Combining 3D Models & Layers to Make a Stereoscopic Scene
Since I’ve already stepped out into the 3D Stereoscopic world with my recent posts on Photoshop CS4, I thought I’d put yet one more out there that takes the process a step further – and combines some other techniques I’ve covered in previous posts. In this example, I’ve combined a 3D model I brought into Photoshop CS4 and converted other 2D layers to 3D and repositioned to visually line-up with the model and applied the Stereo Render option to each layer to add depth and dimension to the scene.
*Note: this requires Red/Cyan Anaglyph glasses (see bottom of post for info on getting some for Free!)
Here’s the final scene image in stereo 3D:
I started with a 3D Model I brought into Photoshop CS4 (.3ds file type – see Blog post: http://pixelpainter.com/wordpress/?p=53), placed it into position and added a second 2D layer of a stretch of road. I then converted the “road” layer to a 3D Postcard from the 3D menu.
Using the 3D Object Rotate tool, I changed the perspective of the Road layer to closely match the angle of my 3D car model.
After adding a Drop Shadow Layer Style to the 3D car layer to simulate a real shadow (as 3D models don’t cast shadows onto other layers in Photoshop CS4), I then add a black background layer and another scenic image layer and convert it to 3D Postcard as well and position it in place. I add a layer mask to the Road layer and paint out the edges of the road with a large soft brush to create a fade to black…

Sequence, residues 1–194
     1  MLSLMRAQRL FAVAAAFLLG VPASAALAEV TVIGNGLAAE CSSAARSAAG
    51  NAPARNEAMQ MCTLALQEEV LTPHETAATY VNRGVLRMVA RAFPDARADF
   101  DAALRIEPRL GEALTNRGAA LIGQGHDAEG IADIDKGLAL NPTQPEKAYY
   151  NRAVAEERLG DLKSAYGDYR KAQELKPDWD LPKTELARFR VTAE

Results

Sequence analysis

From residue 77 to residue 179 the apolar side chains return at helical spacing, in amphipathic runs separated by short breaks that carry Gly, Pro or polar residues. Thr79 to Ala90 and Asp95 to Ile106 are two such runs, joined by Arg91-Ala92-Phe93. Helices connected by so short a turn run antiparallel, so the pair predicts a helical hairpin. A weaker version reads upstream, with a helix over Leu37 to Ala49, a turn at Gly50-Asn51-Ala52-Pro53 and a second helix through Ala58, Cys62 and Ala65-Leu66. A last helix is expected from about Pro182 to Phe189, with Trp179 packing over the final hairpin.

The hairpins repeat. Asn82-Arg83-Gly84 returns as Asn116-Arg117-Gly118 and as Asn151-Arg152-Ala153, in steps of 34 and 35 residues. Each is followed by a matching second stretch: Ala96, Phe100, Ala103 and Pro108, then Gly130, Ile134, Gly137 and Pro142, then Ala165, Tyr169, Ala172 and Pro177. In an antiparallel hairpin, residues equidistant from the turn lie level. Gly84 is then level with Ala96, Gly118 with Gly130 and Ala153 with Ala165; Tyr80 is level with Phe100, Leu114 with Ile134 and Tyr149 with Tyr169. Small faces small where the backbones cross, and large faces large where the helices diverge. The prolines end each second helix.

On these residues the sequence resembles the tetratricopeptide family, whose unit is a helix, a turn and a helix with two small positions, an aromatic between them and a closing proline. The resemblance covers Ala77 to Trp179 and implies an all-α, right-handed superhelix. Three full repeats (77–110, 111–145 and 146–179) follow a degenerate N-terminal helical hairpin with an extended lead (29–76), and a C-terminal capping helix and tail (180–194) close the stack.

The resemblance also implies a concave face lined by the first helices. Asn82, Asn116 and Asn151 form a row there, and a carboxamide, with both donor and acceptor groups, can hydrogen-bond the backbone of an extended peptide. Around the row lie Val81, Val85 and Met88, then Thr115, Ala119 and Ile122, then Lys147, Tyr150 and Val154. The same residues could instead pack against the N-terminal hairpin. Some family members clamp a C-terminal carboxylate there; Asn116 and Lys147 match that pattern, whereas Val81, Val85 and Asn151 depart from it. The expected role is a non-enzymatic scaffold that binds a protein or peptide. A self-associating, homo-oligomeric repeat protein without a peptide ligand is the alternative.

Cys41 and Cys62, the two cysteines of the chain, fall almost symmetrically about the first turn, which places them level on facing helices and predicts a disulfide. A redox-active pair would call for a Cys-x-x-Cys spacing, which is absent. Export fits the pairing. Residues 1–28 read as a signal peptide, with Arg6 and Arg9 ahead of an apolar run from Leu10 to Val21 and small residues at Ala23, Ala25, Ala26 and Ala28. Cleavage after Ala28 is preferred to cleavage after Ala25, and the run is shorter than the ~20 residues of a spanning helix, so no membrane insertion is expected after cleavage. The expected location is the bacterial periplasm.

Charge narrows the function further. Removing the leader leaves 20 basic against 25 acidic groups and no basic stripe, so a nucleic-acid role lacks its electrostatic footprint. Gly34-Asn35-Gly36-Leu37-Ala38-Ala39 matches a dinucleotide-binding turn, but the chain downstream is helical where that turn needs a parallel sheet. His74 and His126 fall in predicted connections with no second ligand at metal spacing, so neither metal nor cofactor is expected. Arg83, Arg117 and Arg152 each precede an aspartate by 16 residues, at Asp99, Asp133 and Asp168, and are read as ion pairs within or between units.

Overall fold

Selecting the 3D car model layer I open up the 3D palette and select Render Settings and choose the Stereo Type (Red/Cyan). I change the Parallax to 30 and leave the Focal Plane at 0.
Next, I select the Road layer and set the Stereo Type as well, changing the Parallax to 10 and the Focal Plane to -100. This pushes the farthest point of the Road layer back behind the 3D car layer. *TIP: This is best to do while wearing your Red/Cyan glasses so you can make adjustments to the layers in true 3D!
I then make adjustments to the layers to match up the best visual position in 3D space using the 3D Object rotate and move tools. Lastly, I added the PixelPainter logo as a regular 2D layer with transparency, as it remains “floating” above the background layer in the 0 Focal Plane. (try moving your cursor over the rendered 3D image and you’ll see it is on the 0 Focal Plane as well! It will look like you’re cutting right into the 3D model)
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